Since Tesla Motors (TSLA) went public in 2010, its stock has yielded positive returns every year except 2016 when it fell ~11%. So far in 2017, it has delivered positive returns of ~47.4% as of November 17, 2017. Tesla’s outstanding positive returns have impressed investors and surprised many experts, but the company has also attracted sharp criticism, which continues to date.
One criticism of Tesla is that it has been burning cash at a very fast pace. It’s also been accused of not focusing enough on generating profits. The bears continued to criticize the company after its recent launch of the electric semi truck and its new high-end variant of the Roadster.
According to a Reuters report, some analysts believe that Tesla might need more funds to accomplish its goal of achieving high-volume production of its Model 3 along with developing its semi truck and high-end Roadster variant.
The report stated that Philippe Houchois, a Jefferies analyst, estimates that “Tesla would need to raise $2.5 billion to $3 billion to keep production running smoothly.” Houchois also suggested that Tesla’s electric vehicles might yield lower returns in the long run compared to top automakers.
What other bears say
General Motors’ (GM) former vice chair Bob Lutz commented on Tesla during an interview with CNBC that “at this rate they’ll never get to 2019.” He even called Tesla a “losing enterprise,” mentioning that “there’s nothing about Tesla that can’t be easily duplicated by other automobile companies.”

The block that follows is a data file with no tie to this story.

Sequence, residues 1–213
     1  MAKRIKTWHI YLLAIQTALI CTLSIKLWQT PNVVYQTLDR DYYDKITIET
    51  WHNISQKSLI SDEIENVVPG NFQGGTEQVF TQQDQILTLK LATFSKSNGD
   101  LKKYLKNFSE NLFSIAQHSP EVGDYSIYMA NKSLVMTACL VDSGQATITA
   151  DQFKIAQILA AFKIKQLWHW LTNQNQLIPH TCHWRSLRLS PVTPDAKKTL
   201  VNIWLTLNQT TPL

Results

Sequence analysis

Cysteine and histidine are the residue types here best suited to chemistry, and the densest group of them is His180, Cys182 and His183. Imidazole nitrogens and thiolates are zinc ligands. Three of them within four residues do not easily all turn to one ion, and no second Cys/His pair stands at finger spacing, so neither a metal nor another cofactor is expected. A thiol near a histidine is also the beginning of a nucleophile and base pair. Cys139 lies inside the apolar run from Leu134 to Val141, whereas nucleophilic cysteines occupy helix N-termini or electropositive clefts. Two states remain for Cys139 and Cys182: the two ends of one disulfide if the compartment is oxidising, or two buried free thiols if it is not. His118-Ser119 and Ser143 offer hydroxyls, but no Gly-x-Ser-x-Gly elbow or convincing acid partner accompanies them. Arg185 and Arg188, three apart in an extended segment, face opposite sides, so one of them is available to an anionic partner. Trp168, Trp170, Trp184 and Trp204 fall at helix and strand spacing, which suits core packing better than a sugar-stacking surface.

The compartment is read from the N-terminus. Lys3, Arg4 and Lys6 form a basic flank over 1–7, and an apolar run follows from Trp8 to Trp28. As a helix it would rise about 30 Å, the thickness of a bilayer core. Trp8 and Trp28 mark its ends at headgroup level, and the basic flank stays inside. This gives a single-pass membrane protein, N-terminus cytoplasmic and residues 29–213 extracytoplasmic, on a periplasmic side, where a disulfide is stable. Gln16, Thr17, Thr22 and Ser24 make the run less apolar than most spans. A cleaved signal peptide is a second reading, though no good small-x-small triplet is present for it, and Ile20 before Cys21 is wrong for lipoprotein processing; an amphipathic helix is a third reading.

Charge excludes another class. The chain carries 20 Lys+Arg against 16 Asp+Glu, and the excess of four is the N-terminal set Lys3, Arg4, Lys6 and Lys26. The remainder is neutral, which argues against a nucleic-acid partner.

Lutz’s views were no different than Sergio Marchionne’s, Fiat Chrysler’s (FCAU) chief executive officer, who spoke on a similar note during an interview with Car Magazine in 2016. He said, “There is nothing Tesla do that we cannot also do.”
Tesla bears have criticized the company’s recent moves, adding to the recent Model 3 production bottlenecks that also gave them reason to doubt Tesla. The company produced 260 units of its Model 3 in 3Q17 against expectations of 1,500 units. Production bottlenecks forced Tesla to announce a delay in its high-volume production at a time when other auto companies (XLY) were preparing to give tough competition to the Model 3.
In October 2017, Ford’s chief executive officer Jim Hackett highlighted the company’s focus on autonomous vehicles and electric vehicles during a strategic update session.
In the next part, we’ll take a look at the good news for Tesla’s electric semi truck.